Since today is not only St. Patrick’s Day, the biggest drinking day of the year, but also my 21st anniversary of sobriety, I wanted to talk to Patrick about dual diagnosis, since he is also a recovering alcoholic.
I asked him this:
I’m intrigued by your recovery from addiction and how that colors your perception of mental illness. Awhile back I interviewed Dr. Ken Duckworth, medical director of NAMI. He helped me tremendously understand the culture clash between recovery from alcoholism, the AA way, and recovery from a mental illness. Said Duckworth: “In the substance abuse culture, the person is generally viewed as the agent of the problem, and they are held accountable and have consequences for their relapses. In the mental illness culture, the person is often viewed not as the agent of the problem, but as the victim of their illness. We tend to hold people a little less accountable for bio-chemical processes.” As you did your research, did you run up against that clash yourself?

Patrick replied:
Yes, the idea was that we alkies sort of brought this on, whereas schizophrenics had it done to them. I think this question opens up a big philosophical debate that depends on one’s point of view. I tend to come down on the side that says while no one is to blame, ultimately we are responsible for our own recovery.
My family is a portrait in dual diagnosis. We are a study in the intersection between recovery from the experience of hearing schizophrenia’s voices and recovery from the experience of hearing alcoholism’s voices. I began to wake up to my alcoholism in my mid-twenties, a good five years after my sisters tumbled into what is considered the most severe form of mental illness. So my frame of reference for “insanity” was a bit skewed from what most people have in mind when they see the second of the twelve steps up there on the wall for the first time. The suggestion that there was something that could “restore us to sanity” really troubled me because it implied that I had “schizophrenia.”
I got an immediate resentment because, as I looked around the room, I did not see what I’d seen on the psych wards. I saw no one talking to invisible friends. I saw no one twitching and drooling from the side effects of meds. So in my mind, I saw no insanity and felt the second step mocked my sisters by not taking them seriously. This resentment kept me out on the lash for another twenty years, basically.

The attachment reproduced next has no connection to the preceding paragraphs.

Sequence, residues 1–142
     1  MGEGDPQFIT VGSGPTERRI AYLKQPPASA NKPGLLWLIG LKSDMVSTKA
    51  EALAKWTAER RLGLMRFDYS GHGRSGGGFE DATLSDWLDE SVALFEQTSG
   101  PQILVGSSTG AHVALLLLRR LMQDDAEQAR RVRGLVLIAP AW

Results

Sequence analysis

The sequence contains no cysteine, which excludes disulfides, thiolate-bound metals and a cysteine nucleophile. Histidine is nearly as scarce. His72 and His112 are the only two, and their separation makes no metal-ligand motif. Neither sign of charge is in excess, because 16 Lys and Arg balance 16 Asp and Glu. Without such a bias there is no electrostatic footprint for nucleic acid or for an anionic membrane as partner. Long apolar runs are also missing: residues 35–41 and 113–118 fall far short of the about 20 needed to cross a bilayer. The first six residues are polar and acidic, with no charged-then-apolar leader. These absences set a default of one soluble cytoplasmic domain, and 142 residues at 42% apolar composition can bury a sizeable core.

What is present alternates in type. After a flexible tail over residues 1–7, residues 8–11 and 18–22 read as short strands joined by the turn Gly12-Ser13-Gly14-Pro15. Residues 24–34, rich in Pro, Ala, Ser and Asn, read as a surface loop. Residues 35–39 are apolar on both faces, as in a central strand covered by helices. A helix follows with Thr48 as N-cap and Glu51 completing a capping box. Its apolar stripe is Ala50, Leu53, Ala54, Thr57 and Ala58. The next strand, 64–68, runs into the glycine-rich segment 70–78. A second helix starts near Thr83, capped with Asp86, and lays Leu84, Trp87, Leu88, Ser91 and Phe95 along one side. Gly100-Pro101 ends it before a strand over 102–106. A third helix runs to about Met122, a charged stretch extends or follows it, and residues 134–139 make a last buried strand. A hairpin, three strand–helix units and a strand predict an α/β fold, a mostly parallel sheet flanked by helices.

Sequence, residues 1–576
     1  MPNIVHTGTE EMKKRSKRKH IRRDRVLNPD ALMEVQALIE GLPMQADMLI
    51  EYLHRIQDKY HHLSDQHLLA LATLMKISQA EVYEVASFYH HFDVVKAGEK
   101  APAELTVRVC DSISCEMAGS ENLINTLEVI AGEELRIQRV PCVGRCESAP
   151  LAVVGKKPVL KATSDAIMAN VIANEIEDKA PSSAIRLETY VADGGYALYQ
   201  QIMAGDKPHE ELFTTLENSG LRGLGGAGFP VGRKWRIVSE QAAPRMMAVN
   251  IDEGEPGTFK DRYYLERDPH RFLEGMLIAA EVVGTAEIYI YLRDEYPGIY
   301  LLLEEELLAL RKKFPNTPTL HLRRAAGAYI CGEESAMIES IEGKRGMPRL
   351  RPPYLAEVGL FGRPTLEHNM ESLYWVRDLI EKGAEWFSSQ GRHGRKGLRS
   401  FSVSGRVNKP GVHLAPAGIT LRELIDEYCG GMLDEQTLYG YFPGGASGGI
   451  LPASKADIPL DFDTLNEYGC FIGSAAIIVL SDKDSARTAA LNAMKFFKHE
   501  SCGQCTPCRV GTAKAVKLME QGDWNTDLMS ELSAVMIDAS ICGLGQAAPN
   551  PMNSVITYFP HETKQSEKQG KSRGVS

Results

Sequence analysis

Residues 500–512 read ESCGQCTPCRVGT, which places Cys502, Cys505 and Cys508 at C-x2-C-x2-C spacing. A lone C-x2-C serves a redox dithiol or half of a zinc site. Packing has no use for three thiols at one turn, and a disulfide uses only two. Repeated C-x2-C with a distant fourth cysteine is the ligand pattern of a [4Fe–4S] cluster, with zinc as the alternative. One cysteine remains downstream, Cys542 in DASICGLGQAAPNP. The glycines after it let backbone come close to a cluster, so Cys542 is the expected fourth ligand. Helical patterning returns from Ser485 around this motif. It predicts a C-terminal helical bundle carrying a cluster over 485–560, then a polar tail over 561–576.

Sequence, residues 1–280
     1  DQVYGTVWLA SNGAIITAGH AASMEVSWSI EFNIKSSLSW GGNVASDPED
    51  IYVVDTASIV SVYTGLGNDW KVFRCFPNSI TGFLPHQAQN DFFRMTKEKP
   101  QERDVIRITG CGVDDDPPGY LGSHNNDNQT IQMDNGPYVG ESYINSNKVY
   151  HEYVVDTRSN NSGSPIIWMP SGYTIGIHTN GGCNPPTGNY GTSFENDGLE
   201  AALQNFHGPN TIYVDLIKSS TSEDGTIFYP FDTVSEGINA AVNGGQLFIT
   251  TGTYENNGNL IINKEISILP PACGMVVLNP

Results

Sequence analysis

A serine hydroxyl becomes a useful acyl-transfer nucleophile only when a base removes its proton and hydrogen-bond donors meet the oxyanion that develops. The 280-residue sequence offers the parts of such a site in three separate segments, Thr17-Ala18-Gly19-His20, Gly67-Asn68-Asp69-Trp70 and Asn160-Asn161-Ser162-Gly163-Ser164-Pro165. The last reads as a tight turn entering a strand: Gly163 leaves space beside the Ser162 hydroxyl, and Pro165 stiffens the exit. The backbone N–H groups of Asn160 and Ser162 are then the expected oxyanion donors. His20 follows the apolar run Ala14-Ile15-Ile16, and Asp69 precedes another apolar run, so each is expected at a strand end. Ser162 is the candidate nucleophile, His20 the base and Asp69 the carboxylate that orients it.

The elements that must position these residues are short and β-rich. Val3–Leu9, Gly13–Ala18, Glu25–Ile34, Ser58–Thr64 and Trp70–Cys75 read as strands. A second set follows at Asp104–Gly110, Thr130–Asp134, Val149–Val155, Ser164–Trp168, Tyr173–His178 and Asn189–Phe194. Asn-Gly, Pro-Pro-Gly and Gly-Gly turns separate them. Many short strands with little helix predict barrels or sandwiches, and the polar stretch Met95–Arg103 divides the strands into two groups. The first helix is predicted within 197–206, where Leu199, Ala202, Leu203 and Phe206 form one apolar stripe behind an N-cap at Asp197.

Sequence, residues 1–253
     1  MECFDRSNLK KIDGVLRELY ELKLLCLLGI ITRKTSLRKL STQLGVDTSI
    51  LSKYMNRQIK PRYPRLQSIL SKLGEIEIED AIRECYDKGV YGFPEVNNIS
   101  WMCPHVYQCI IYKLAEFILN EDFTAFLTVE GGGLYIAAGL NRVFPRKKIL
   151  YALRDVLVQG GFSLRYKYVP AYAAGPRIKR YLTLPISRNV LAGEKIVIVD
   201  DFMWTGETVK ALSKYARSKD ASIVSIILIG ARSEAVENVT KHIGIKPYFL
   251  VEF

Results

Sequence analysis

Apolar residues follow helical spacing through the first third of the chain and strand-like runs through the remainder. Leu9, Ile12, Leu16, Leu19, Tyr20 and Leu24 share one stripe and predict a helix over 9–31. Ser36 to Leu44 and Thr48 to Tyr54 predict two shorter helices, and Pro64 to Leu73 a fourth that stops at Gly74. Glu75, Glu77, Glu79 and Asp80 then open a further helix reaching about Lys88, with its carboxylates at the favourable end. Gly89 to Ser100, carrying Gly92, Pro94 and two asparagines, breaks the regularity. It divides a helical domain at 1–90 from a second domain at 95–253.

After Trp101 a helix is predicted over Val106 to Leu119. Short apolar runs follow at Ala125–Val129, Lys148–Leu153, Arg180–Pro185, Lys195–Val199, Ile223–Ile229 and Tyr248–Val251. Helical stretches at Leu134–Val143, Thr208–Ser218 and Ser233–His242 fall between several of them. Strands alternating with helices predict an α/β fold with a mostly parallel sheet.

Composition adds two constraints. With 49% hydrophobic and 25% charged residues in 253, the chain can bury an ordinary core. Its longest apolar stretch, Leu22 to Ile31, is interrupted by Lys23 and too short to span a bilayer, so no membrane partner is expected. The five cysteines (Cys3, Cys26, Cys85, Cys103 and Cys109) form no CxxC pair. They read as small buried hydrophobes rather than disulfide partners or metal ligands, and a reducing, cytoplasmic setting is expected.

Meanwhile, the booze made me forget about my problems in a way no therapist could. And then it stopped working, my medicine turning on me. The mounting paranoia, and the anxiety was making me snap, the cocaine induced psychosis, seeing imaginary cops in trees, on my knees literally staring through keyholes looking for cops. Mad stuff that shot me to the moon and left me there.
So when I finally made it back in, I believed I was myself insane. I no longer had issues with the verbiage.
I could finally see that the very issue that fueled my drinking problem–my resentment at losing my two sisters to schizophrenia–was the very thing that was pushing me off the edge of sanity myself. When I saw that, I came to a screeching halt.
“Stalking Irish Madness” only breezes over those years because I felt it was off-topic from schizophrenia and did not want to make this book all about me. That said, I did learn a big lesson that helps me each day. And that is the notion that mental illness may differ for each of us, but mental wellness is largely the same. However we get there–and yes, we are all heading back to the shore from different points at sea–is ultimately a matter of how we swim with these voices in our heads. Whether they are the voices that tell the “alcoholic” to have a drink, or the voices that tell the “schizophrenic” to take his own life, we all have voices.

Your average, ordinary, bog-standard alkie like myself hears the first-person voices of the superego that we all hear. My sisters hear these voices, but they also hear third-person voices. They hear full conversations and this puts their experience outside the medical model. If we are honest, then it’s clear that even the most well screwed on among us struggles with voices of one kind or another–voices of self doubt or regret or guilt or despair or envy or anger or the thousand forms of fear that comprise the human condition.
The important thing is that we are able to acknowledge the power of the voices in our heads, and that we feel free to talk about the voices in our heads. We need to share with each what the voices are telling us if we are serious about mental well being. We need to manage our voices so that they don’t manage us.
It’s the wisdom of the ages–a problem shared is a problem halved. Or as Jesus said, whenever two are gathered in my name. We need each other, obviously. Stars are born of other stars.

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